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SPINZ 2009. SUICIDE PREVENTION. Mason Durie Massey University. How best to understand human behaviour?. Looking through the microscope. Psychological & emotional conflicts Low self esteem lack of confidence loss of hope Loss of mana. Biochemical & neurological disturbances

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suicide prevention

SPINZ 2009

SUICIDE PREVENTION

Mason Durie

Massey University

looking through the microscope
Looking through the microscope

Psychological & emotional conflicts

  • Low self esteem
  • lack of confidence
  • loss of hope
  • Loss of mana
  • Biochemical &
  • neurological disturbances
      • Chemical imbalances
      • Synaptic failures
      • Mental disorders
  • Life-cycle crises
    • Identity diffusion
    • Alienation
    • de-culturation
    • poor health
looking through the telescope
Looking through the Telescope

Interpersonal relationships

  • Disrupted
  • Bereavement
  • Dysfunctional
  • Threatening
  • Relationships with family & community
    • Unemployment
    • School failure
    • Homelessness
    • Risk-taking lifestyles
    • Bankruptcy
  • Relationships with society
    • Loss of usefulness
    • Loss of role
    • Loss of purpose
    • Loss of engagement
suicide four perspectives
SUICIDEFOUR PERSPECTIVES
  • SOCIETAL

suicide as a social phenomenon

  • MEDICAL

suicide as a medical condition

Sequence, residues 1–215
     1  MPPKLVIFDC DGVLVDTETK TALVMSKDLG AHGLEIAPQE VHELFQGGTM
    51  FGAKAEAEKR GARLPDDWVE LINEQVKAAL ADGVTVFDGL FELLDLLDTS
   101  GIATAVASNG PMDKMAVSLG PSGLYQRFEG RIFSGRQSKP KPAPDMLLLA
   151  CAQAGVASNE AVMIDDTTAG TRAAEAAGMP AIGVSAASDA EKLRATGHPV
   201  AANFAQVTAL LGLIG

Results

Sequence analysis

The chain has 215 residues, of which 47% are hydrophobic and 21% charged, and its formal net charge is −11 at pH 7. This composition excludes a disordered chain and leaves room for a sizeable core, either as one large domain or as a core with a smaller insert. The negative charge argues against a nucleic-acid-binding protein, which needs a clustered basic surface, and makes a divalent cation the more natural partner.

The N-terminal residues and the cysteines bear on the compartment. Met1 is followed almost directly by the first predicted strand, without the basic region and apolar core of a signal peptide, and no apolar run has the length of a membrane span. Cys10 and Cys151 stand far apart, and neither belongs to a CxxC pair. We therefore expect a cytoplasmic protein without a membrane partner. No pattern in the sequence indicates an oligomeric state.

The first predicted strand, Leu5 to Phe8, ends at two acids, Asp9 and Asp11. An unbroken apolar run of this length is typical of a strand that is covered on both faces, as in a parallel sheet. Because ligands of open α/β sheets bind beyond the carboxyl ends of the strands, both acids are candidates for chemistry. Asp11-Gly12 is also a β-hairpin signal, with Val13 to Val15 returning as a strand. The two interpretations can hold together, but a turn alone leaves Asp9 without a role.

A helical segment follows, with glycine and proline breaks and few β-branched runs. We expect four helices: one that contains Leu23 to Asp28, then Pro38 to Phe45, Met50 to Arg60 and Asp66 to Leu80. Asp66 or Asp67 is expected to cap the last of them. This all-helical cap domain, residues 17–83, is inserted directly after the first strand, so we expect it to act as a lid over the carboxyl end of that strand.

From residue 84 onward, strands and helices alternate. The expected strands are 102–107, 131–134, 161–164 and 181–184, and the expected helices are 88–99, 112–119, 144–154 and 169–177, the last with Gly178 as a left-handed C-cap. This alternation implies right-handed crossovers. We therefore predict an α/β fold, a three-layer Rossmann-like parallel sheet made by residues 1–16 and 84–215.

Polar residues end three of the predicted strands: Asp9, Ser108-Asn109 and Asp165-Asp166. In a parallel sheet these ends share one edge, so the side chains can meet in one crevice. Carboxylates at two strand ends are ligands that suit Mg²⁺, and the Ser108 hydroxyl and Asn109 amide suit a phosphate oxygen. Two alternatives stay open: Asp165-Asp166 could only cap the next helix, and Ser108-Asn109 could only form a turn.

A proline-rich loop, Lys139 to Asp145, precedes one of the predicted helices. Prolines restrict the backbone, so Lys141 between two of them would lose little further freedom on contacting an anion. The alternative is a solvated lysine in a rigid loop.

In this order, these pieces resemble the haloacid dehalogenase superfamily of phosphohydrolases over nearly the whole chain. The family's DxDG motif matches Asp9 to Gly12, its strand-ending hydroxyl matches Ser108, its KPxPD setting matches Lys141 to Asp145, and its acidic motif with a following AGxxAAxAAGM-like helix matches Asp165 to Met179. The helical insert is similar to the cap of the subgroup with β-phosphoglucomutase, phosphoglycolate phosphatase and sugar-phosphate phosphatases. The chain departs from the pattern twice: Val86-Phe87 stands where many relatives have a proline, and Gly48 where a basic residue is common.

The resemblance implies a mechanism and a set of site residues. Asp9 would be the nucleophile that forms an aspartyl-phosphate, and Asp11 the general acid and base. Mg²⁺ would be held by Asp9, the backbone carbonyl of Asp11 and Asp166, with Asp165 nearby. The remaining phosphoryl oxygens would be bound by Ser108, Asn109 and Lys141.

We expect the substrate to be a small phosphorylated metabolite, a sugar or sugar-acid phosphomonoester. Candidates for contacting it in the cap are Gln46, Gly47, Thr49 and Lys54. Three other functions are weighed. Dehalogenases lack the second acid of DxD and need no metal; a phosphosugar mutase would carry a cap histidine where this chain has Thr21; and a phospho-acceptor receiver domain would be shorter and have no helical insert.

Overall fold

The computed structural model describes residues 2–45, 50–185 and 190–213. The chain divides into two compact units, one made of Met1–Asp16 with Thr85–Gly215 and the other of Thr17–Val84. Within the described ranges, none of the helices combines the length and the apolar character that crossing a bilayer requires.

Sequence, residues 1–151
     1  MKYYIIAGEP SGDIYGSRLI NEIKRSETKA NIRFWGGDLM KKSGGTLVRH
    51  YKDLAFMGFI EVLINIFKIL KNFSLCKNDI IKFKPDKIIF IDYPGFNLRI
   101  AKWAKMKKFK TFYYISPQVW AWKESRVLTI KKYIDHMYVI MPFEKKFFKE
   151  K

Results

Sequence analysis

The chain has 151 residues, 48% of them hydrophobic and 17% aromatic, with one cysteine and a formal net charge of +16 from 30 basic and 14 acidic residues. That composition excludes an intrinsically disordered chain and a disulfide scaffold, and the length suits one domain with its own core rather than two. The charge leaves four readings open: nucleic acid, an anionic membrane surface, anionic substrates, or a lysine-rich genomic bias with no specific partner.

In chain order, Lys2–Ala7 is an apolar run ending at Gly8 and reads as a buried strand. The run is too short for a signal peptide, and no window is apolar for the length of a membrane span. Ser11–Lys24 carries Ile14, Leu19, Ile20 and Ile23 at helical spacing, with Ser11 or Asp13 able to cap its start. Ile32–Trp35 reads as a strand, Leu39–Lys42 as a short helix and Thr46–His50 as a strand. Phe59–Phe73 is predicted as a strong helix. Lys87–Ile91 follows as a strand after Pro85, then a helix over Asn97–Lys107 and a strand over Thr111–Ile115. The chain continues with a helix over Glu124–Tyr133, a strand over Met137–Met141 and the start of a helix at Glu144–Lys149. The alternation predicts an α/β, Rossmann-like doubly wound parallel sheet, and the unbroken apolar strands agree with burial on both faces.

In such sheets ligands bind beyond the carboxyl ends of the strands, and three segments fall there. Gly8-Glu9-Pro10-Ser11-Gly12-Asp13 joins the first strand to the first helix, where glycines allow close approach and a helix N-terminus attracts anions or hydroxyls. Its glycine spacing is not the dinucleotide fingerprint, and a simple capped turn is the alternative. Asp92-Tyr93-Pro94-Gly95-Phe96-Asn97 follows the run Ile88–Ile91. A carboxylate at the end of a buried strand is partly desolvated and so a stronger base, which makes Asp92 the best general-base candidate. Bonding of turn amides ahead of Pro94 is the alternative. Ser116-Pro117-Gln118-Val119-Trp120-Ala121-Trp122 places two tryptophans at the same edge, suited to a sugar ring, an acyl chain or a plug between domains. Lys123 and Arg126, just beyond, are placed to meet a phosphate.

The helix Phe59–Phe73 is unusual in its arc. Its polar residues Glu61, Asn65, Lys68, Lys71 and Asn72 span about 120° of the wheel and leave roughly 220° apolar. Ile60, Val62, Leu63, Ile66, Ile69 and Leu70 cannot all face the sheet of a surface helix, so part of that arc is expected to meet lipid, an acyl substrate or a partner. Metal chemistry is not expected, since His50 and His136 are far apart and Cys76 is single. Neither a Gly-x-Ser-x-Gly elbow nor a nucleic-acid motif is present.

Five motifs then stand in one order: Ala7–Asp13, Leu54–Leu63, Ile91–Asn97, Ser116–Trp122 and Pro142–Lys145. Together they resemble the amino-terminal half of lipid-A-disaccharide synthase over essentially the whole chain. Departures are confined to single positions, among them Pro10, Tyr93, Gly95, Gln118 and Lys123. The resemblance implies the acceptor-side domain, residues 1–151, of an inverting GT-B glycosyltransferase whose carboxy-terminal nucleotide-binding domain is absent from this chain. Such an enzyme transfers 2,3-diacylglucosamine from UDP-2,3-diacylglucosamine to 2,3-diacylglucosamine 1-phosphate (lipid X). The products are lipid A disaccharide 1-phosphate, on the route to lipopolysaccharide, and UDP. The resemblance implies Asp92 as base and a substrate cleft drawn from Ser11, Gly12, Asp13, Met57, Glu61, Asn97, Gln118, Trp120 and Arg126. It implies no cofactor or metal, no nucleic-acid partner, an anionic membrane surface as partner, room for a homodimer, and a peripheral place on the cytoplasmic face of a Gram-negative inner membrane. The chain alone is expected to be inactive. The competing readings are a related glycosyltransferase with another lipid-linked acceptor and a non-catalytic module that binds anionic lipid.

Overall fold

• CULTURAL

suicide and cultural identity

  • INTERPERSONAL

suicide and relationships between people

suicide societal perspectives
SUICIDE SOCIETAL PERSPECTIVES
  • Altruistic suicide

‘sacrifice for the greater good’

e.g. suicide-bombers

  • Anomic suicide

‘detachment & disengagement’

e.g. nihilistic suicide,

  • Coercive suicide

‘group pressures and expectations’

e.g. cult suicide, text messaging

suicide medical perspectives
SUICIDEMEDICAL PERSPECTIVES
  • Mental disorders

e.g. depression

  • Chronic ill health

e.g. immobilisation

  • Terminal illness

e.g. cancer

suicide cultural perspectives
SUICIDECULTURAL PERSPECTIVES
  • Cultural alienation

insecure identity

  • Cultural exclusion

frustrated identity

  • Unconditional cultural conformity

culturally sanctioned suicide

suicide inter personal perspectives
SUICIDEINTER-PERSONAL PERSPECTIVES
  • Termination of a loving relationship

loss

  • Response to a threatening relationship

fear

  • Protection of survivor(s)

sacrifice

perspectives on suicide
PERSPECTIVES ON SUICIDE

Societal

Medical

Cultural

Inter-personal

Greater understanding of suicide and

a basis for preventive strategies

prevention
PREVENTION
  • Primary prevention

reduction in prevalence e.g. A & D

  • Secondary prevention

reduced incidence (early intervention)

e.g. GPI

  • Tertiary prevention

reduced levels of disability

e.g. Schiozohrenia

tertiary prevention suicide
TERTIARY PREVENTIONSUICIDE
  • Reduction of impacts on survivors
  • Coroners findings
  • Community management of event
tertiary prevention notified cases
Tertiary PreventionNotified cases
  • Ongoing support, monitoring for friends, relatives
  • Access to health and social services
  • Education and counselling
primary prevention whole populations reducing health risks for everyone
PRIMARY PREVENTIONWhole populations (Reducing health risks for everyone)
  • Reduced levels of estrangement

e.g. cultural enrichment, employment, religious affinities, family cohesion, participation in sport, decision-making

  • Regulatory Controls

e.g. A&D, seat belts, cycle helmets, smoking laws, nutrition, folic acid, Vitamin B6, mobile phones

  • Reduction of inequalities between groups

e.g. Education, incomes, housing, imprisonment

primary prevention suicide
PRIMARY PREVENTION & SUICIDE
  • Regulations and legislation

Suicide ‘a crime’

Gun laws, access to heights, drug regulations

Use of the web - Bebo, face book

  • Health Care and Medical Practice

Prescribing practices e.g. barbiturates

Improved risk detection

Mental health in Primary Health Care

  • Societal institutions and values